Endurance races, ski trips, musings, and adventures on the East Coast.

Tuesday, August 2, 2011

Mid-Season Report

Finally, finally, finally I've been doing some good racing. This past weekend was the Wilderness 101, and prior to that I raced as a team at the Ryan Hawks Memorial Eastern Cup 6 Hr. race. Sweet.

So, the 101. Those guys on the podium crushed it, and beat me by hours. More on that later though.
Last year I was pretty shattered coming into this race, so I was hoping for better things this year. Of course, I also hadn't trained as hard. I knew it was pretty unrealistic to hope for a stellar ride, but still, I was rested, maybe something would happen. Also, Nina and I threw down at the Eastern Cup, winning the team division of the 6 hr. race. Sure, it was a small field, but it's always fun to win a race and it gave me a little bit of confidence at least.
Turns out confidence doesn't get you very far in a 100 miler. I started way back on the line, gunned it up the first part of the initial climb to be on the tail end of the still large lead group. Then it hurt a lot to be there and so I fell back. After that I got a little smarter, got in some groups, recovered, and rode my race. I actually have gotten better at racing these things over the course of two years.
The first half of the 101 course is mostly gravel roads, so I did my best to ride with groups and let other people do most of the work at the front. That worked out pretty well actually. Though sometimes the groups were moving a little slow, I figured it was best not to force the issue. I don't have that kind of fitness right now, and I knew I was climbing okay, so I waited. Right after Aid #2 things start to go up in a real way. It's the kind of climb were you can let people ride away and then real them in 20 minutes later. So that's what I did. Then you finally get a good singletrack descent, which I regretted wishing for in about one minute of riding. PA singletrack is BUMPY and ROCKY. Ouch. All that carbon goodness that kept things efficient going up relies on you being smooth going down to keep things comfy. Well, I kind of did that sort of. But I'm not immune to the death grip. I was happy to go up again.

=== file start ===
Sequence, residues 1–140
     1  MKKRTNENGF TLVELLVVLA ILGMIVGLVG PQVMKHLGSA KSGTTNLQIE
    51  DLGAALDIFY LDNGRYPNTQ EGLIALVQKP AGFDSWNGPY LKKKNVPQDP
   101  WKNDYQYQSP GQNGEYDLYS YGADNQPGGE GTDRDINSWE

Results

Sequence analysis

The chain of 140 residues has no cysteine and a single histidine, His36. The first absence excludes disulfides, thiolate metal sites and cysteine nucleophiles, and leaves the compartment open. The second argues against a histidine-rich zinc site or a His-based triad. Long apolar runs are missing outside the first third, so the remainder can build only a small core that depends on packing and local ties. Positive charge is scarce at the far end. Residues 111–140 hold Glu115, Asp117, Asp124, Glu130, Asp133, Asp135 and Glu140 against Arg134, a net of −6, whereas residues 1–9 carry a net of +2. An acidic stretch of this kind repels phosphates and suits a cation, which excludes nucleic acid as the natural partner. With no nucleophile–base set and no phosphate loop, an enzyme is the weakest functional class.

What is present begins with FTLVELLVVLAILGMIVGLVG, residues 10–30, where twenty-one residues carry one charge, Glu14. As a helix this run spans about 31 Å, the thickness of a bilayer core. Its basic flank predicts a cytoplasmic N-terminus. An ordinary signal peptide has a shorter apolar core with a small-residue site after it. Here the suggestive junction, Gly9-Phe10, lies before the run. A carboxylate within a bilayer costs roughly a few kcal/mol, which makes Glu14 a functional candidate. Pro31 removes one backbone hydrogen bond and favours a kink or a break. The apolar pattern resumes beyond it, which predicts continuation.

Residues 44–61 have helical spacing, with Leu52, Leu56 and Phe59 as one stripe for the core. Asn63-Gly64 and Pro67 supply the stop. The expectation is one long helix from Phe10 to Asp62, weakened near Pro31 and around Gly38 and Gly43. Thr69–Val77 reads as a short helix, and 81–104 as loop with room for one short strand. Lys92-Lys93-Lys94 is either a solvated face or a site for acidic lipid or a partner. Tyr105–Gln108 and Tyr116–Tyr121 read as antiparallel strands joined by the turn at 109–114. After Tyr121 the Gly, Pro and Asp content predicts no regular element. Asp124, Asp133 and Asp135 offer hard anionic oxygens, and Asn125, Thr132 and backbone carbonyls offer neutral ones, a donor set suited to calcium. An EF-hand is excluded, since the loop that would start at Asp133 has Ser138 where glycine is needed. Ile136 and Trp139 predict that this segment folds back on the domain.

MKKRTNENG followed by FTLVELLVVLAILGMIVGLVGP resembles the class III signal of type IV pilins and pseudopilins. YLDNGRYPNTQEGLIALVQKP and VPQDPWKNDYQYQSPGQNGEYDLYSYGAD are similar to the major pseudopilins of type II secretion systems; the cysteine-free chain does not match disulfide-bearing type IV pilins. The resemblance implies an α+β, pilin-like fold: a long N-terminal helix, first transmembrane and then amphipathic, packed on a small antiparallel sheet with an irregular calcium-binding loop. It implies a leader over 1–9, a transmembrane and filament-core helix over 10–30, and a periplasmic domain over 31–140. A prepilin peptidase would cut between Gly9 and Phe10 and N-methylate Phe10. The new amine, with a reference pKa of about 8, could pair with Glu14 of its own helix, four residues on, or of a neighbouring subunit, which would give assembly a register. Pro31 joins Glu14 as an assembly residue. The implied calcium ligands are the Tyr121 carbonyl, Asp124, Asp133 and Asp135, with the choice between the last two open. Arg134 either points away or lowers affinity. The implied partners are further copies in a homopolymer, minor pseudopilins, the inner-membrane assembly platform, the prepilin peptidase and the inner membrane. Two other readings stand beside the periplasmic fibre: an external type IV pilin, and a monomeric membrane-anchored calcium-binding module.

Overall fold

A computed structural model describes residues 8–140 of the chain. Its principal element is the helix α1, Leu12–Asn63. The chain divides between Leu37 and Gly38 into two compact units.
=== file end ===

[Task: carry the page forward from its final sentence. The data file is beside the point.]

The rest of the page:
And that's sort of how the race went for me. Steady and efficient climbing followed by serviceable riding on the singletrack sections. I think I ended up 44th, which was a lot better than last year but well off where I'd like to be this time of year. The reason for which goes back a few months.

This winter I had a few things on my mind with regard to bike racing. One was that I wanted to be fast in August/September, when I'm usually burned out. And the other was that I didn't want to ride the trainer. So I experimented and spent a lot of time climbing mountains with skis on my back (or on my feet). It kept me in general shape, but the lack of specific bike fitness is something I haven't been able to overcome all season (being sick for a few weeks didn't help either). Okay, lesson learned. The trainer would have been helpful.

Okay, back to the 101. I should say that at 8:31:something this was the fastest I've ever done one of these things. That was more the course than me, but hey, I'll take it. I made a couple of equipment tweaks for this one, which worked out really well. The new 24x36 crankset set-up was sweet, and I had some new tires from Continental that worked super well. The rear was the well known Race King 2.2, which provided some nice cush run tubeless with Stan's rims. In the front I had an unmarked, super pro (haha), X King 2.2. I was a little nervous to be running them as this was my first ride (I got them set-up on Thursday and spent all day on Friday driving). But they held up really well and the X King was confidence inspiring even when bombing rock strewn descents and death grip speed. Cool.

Three weeks to go until the season's last big race (for me), the Fool's Gold 100 miler. I guess it's time to rest, put the last touches on my decidedly mediocre form, and see what happens. Yippee.

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